Many keepers of corporate culture complain: how can we “force” (their word choice) project managers to log data points and narratives at various milestones and thereby keep good records that enable marketing and business development staff to field new client inquiries about relevant work? The answer is simple and can be found in the Lean framework so popular today. Hire a marketing manager to keep a marketing database that is driven by the marketing department’s needs, and tie it to client billing.
I have known three firms within the last few years that struggle with maintenance of a marketing database. All three lack a marketing manager, or marketing database administrator. A fourth firm that boasts a healthy, well-utilized database, as well as high retention in marketing staff, has a different process. This firm requires all project management staff to send client setup forms and project initiation forms — information that typically goes straight to the billing office — to a marketing manager first.
The marketing manager examines the project data carefully for quality, records it in the database, assigns the root project number, sets up files per protocol, and then passes the form along to accounting. Essentially he or she is responsible for the marketing project database, which requires 1-2 hours per day to maintain. The rest of his or her day is spent utilizing this rich database. This marketing output work provides feedback to the job of quality-checking the input data that comes from those responsible for profit and loss and their project managers. The marketing manager is the link between what clients require — the “pull” in Lean-speak — and what information the project staff provide about current and recent projects. As it grows in size, quality and relevance, the database serves all marketing staff very well, so they in turn can serve internal and external clients very well. Several goals are achieved: the marketing database facilitates nimble and thorough responses to new inquiries, while corporate culture keepers can breathe easier knowing that the firm’s intellectual property records are alive and well.
I am not saying that outbound cold calling is a “new” strategy, but I am shocked at how many people have proclaimed that using the telephone to source opportunities is dead. We have proven this model to be extremely successful, and have tied incentives to ensure that we are promoting the right behavior. For instance, we reward our inside sales team for setting up qualified appointments and provide an additional bonus if their appointments turn into closed deals. Lists on the internet are in abundance, and should be leveraged to their fullest capacity. In my experience, if you are calling a prospect with genuine intent to uncover whether a problem or pain exists, and are respectful and intelligent in your dialog, you will uncover great opportunities at every turn.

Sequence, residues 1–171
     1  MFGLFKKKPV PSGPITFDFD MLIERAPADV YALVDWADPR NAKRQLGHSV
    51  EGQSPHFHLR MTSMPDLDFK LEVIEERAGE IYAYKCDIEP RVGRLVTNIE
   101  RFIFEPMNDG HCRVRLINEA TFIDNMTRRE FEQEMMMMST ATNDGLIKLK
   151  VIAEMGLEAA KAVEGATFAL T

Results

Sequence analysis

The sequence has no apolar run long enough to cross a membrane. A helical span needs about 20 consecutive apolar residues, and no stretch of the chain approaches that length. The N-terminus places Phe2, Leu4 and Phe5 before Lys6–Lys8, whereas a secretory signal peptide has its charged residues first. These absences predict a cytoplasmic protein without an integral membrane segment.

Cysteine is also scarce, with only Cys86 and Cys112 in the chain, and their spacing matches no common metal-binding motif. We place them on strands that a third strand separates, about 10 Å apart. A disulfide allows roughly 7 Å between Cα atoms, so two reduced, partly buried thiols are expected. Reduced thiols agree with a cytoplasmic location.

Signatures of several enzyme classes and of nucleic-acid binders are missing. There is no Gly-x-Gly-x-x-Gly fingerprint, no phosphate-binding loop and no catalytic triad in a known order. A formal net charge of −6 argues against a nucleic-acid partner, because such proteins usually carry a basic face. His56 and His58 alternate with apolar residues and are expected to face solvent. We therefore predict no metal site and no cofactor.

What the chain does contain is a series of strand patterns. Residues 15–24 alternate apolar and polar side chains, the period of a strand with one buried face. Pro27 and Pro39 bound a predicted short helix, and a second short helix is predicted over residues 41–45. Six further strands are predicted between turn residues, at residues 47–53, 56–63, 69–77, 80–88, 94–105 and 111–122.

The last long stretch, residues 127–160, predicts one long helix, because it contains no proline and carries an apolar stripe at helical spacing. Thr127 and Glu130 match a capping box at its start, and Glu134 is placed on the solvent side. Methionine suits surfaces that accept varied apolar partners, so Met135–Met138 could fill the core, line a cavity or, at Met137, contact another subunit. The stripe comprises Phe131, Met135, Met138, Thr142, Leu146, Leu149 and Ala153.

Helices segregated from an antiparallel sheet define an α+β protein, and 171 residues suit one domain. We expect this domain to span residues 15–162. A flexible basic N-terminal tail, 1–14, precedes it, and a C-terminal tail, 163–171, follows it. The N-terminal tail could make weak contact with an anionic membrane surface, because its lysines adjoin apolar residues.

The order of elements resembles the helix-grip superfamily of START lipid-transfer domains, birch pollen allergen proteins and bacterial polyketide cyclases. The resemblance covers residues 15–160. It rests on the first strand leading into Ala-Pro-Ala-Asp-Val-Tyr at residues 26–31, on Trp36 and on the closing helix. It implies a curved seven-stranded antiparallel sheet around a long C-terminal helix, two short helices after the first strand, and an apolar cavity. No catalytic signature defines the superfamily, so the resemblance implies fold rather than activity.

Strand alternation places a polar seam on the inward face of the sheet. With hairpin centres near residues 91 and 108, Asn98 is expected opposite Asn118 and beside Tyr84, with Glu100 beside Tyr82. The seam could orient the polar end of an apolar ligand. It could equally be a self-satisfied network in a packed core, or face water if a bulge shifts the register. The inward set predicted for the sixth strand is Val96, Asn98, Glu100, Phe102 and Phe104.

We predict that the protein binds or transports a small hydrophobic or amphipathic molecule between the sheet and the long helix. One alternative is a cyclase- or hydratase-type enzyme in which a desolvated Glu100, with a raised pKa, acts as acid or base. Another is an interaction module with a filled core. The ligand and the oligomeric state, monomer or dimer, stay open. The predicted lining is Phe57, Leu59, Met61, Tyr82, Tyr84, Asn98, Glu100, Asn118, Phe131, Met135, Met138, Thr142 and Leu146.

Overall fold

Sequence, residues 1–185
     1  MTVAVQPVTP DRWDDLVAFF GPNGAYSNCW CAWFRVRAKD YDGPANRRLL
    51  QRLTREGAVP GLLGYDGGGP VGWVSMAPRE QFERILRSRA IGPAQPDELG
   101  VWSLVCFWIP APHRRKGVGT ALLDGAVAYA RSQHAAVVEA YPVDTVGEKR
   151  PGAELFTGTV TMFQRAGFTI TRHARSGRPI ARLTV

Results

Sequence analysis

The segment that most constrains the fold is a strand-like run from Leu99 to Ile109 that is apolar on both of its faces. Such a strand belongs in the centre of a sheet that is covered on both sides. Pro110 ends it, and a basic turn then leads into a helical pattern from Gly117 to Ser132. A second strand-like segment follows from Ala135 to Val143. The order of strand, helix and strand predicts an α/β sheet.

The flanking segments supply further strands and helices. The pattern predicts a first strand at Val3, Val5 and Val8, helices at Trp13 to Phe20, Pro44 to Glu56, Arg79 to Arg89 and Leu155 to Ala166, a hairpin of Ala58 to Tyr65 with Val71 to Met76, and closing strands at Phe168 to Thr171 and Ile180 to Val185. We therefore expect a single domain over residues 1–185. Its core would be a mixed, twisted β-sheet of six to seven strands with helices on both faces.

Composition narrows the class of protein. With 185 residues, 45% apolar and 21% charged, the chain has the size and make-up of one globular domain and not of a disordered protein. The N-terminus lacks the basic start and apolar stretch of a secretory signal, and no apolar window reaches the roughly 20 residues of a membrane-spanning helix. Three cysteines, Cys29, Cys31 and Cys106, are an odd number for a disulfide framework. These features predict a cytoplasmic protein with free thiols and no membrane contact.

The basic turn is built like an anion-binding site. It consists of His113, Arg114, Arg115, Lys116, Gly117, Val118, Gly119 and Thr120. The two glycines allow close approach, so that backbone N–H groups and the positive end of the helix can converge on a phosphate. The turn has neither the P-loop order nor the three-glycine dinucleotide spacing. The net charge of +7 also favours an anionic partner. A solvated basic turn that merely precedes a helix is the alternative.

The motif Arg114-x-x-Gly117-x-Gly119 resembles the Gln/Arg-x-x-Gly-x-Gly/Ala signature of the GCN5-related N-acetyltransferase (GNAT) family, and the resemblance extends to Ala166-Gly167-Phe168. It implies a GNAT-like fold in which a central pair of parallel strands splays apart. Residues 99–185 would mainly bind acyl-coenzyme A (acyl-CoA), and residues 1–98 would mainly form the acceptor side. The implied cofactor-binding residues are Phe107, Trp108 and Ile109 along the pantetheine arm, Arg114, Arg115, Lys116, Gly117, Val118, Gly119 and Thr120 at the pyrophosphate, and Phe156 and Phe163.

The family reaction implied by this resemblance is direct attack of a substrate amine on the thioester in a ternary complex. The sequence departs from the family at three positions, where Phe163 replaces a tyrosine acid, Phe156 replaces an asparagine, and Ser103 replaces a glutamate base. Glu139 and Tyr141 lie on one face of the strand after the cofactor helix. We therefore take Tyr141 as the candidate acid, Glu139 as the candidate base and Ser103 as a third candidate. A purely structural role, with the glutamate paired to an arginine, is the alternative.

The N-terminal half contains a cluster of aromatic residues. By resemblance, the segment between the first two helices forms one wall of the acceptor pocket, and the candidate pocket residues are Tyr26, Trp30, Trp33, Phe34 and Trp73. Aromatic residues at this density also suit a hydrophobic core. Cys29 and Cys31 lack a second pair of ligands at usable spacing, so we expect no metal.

From Russell Sachs at WorkMarket, via Fred Wilson of avc.com
Reading the job boards recently, I came across a few open posts for university communications directors. I believe it was Harvard’s that wagged a finger at potential applicants, “Must be able to work in a highly matrixed environment.” I have pondered that dire warning ever since. In a highly matrixed environment, presumably, one has to get buy-in or sign-off from many different people: those who lead departments or silos or special programs, all of which might be funded differently and possibly compete for attention, dollars, researchers, or students. In a simpler company or organization, a communications director would simply report to the chief executive officer, helping him or her manage communications and bulletins, whether internal or external.
Pondering the matrix led me to research politicians. (And anyway, we have been watching House of Cards on television.) How are politicians different from executives in highly matrixed environments? Probably they are in fact the same, I hypothesized. In the blog literature, how are politicians advised to get their start? “Always be fundraising,” say the writers. “Be transparent. Have a budget and stick to it. Listen.”
These strategies are so similar to sales. As you advance in your career, you simply have to improve in both dark arts.
For each social media service below, note the aspirational audience (A), message (M), and sample tactics(T) for marketing Firm X, a professional services company.
A: Warm leads; clients who are just beginning to know Firm X.
M: We can help you with your high-risk problems.
T: Maintain a unique and updated web presence. Post occasional, high quality messages.
A: Those who have hired Firm X previously plus qualified prospects.
M: We can delight your clients or team.
T: Post unique experiences and insights. (One-way communication is expected because people are reluctant to comment on a corporate blog.)
A: Those who benefit from the services of Firm X.
M: We are listening to your comments and needs.
T: Engage with followers (2/3); provide teasers for blog posts (1/3).
A: Existing staff and clientele of Firm X. Future staff.
M: Let’s entertain and be entertained.
T: Post celebration photos. Engage with friends.
Instagram, Pinterest, Soundcloud, Tumblr
How would you use these services for your firm?